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A recent ruling in California tossing a $417 million verdict against Johnson & Johnson provides trial lawyers with a priceless peek into how jurors think and what they take into consideration in awarding damages – even when they shouldn’t.
The $417 million verdict against J&J was in one of several suits against the company alleging that their iconic baby powder, and other talcum powder products, causes ovarian cancer and that it failed to warn consumers about the risks of using their products.
On October 20, however, the Superior Court of California issued an order granting defendants a new trial. The court cited several reasons, but the one that interests me most is jury misconduct.
The jury misconduct had nothing to do with rogue jurors or social media posts. Instead, it centered on how the jury calculated damages, and what it considered when doing so. According to the court, the jury’s calculations of compensatory damages was improper, and its calculation of punitive damages was excessive.
Jurors have great difficulty calculating damages and working through the jury charge (something I’ll cover in a separate post), and the declarations filed by J&J and co-defendant JCCI illustrate this point quite clearly.
In J&J’s motion for new trial, it offered up affidavits from four jurors, including the foreperson. Although I have absolutely nothing to substantiate this, I would assume J&J conducted thorough post-trial interviews with any juror willing to participate, and either designed the interviews to support their assumptions, or discovered a few nuggets during the discussions that gave rise to a new appellate argument. Either way, the declarations are fascinating.
Because admissibility of juror statements is rarely all-or-nothing, the court included with its order portions of the juror affidavits and its specific rulings on whether certain excerpts would be admissible.
Here are a few excerpts from actual juror affidavits (plus my takeaways and tips):
“There were extensive discussions among the jurors about the distinction between ‘possible’ and ‘probable’ causes.”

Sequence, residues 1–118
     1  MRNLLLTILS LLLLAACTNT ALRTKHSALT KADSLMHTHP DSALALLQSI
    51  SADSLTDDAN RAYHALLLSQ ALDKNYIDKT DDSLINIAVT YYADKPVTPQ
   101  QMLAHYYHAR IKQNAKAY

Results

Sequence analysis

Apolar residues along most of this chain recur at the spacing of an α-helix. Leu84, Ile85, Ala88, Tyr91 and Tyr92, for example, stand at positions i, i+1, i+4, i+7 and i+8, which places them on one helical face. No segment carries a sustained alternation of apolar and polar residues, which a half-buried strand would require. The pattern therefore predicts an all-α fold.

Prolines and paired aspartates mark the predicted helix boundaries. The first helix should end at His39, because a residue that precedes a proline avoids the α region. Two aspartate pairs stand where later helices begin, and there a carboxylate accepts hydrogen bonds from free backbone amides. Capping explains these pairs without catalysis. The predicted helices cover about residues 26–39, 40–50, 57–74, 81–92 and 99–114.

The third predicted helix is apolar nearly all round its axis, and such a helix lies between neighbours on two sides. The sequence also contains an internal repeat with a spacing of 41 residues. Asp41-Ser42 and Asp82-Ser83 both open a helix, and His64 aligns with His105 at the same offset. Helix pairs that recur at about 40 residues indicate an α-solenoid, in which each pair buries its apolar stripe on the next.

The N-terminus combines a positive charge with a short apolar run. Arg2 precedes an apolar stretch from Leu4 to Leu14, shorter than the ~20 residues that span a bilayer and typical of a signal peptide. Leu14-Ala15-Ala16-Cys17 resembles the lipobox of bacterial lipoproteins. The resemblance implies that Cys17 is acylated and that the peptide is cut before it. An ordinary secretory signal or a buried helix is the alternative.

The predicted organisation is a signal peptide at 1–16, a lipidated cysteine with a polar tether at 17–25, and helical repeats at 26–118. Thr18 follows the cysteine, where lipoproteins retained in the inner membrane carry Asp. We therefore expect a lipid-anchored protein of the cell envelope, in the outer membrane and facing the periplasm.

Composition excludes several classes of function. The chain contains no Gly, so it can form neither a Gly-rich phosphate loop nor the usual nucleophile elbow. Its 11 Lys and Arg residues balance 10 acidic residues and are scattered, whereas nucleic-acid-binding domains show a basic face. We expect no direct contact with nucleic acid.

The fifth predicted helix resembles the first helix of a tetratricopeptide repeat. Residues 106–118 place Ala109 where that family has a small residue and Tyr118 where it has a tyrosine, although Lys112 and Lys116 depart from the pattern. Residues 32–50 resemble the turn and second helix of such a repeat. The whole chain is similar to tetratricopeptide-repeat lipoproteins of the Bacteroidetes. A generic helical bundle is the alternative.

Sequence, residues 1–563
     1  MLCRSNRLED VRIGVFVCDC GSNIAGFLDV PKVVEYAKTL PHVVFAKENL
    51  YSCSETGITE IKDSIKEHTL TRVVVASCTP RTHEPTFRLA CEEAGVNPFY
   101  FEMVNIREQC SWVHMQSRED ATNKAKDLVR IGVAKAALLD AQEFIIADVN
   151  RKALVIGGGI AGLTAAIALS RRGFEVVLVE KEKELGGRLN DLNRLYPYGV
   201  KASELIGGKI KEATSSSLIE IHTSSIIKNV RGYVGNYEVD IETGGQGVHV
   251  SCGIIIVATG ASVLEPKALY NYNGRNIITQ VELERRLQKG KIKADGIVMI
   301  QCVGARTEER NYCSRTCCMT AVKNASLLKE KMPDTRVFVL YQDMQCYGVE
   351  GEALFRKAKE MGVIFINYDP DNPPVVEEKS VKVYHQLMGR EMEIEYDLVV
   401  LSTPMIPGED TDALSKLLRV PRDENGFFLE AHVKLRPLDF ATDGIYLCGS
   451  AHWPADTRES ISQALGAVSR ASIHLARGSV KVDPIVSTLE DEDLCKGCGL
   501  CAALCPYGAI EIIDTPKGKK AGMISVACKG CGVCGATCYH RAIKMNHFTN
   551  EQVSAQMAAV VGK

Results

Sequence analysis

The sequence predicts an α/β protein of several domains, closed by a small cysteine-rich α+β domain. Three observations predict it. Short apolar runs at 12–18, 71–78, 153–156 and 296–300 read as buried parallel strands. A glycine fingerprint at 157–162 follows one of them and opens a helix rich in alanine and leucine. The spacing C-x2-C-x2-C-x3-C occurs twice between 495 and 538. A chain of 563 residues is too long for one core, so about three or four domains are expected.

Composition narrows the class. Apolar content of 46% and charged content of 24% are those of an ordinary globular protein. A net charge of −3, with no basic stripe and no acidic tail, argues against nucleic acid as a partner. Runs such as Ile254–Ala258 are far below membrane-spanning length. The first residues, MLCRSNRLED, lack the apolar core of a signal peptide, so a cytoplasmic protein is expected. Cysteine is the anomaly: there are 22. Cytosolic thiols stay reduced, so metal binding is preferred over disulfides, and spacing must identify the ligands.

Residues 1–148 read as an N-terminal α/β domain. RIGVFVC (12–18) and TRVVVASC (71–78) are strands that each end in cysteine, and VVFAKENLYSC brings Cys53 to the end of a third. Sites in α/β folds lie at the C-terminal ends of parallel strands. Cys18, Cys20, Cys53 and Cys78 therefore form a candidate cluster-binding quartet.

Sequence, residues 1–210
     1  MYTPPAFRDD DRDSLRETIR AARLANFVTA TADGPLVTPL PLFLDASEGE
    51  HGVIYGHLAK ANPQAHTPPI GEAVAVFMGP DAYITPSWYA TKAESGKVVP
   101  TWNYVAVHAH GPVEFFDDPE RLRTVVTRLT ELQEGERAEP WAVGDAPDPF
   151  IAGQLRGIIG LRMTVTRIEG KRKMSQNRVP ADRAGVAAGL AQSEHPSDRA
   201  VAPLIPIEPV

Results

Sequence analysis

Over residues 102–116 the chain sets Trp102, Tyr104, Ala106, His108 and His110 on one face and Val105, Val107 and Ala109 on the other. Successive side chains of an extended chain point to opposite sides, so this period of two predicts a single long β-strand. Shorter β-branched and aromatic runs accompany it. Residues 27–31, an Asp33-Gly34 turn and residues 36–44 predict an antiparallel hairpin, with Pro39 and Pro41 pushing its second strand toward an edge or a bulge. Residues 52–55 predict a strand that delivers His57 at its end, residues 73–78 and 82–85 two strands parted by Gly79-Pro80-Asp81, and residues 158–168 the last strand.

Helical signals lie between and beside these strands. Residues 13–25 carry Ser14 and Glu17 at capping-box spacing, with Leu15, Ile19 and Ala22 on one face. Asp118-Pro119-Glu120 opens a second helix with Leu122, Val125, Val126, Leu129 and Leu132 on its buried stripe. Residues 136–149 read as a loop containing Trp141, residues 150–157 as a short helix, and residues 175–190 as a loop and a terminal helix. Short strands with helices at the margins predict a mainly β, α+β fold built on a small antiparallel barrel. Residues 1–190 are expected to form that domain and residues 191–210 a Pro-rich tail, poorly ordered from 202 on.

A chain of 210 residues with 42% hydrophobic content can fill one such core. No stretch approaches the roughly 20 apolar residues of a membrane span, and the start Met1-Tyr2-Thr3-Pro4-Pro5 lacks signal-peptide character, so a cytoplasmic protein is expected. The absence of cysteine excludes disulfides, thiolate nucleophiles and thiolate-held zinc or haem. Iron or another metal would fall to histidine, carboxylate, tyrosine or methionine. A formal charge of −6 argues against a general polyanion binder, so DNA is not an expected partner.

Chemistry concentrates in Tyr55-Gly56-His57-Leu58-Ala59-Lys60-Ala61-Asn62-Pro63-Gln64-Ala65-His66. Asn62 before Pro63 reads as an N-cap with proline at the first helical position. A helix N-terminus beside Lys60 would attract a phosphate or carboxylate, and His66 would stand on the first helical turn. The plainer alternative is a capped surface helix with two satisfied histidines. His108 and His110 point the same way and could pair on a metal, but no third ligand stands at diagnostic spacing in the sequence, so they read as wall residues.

Takeaway: Jurors need your help figuring out the jury charge. Don’t expect the jury to perceive the finer nuances between certain words. They speak in generalities, not in legalese.
Tip: Weave these terms, and their meanings, into your Q&A of key witnesses throughout the entire trial. Then tie it all together as you walk through the jury charge during closing.
“[Jurors who voted in favor of liability] …stated that taxes, appeal costs, and expenses would be taken out of…the money received. … After jurors raised those arguments, other jurors expressed an agreement to raise the amount of damages.”
Takeaway: Many jurors assume the dollar amount written on the verdict form will be much lower by the time the money makes it into the plaintiff’s bank account. Some jurors – consciously or subconsciously – adjust their numbers accordingly.
Tip: Consider reminding jurors during closing that the law requires them not to consider such issues. This language is typically included on the verdict form, so use that to emphasize your point.
“…jurors who voted in favor of liability discussed and agreed to set the number based on a percentage of the Defendants’ net worth, as [plaintiff’s counsel] had argued in closing argument.”
Takeaway: Jurors pay attention to what you tell them during closing, and if they are not provided with alternate numbers, they typically go with the number they are given.
Tip: If you’re a defendant arguing no liability, in most cases, it’s extremely important to provide jurors with an alternative damages number. Zero doesn’t do you any favors.
“On Monday…after almost no discussion, two more jurors switched to the plaintiff side, giving the plaintiff [the required] 9 votes.”
Takeaway: When there is a stalemate, the jurors who stick to their guns and refuse to budge are typically “leaders.”
Tip: Be sure to evaluate potential “leaders” and “followers” during jury selection. It could make the difference between a hung jury and a bad verdict.
I’ve written multiple times about my faith in juries, and, despite the legal issues that gave rise to the court’s decision to order a new trial, this California jury did an incredible job and should be applauded for their efforts to deliver a true and just verdict.
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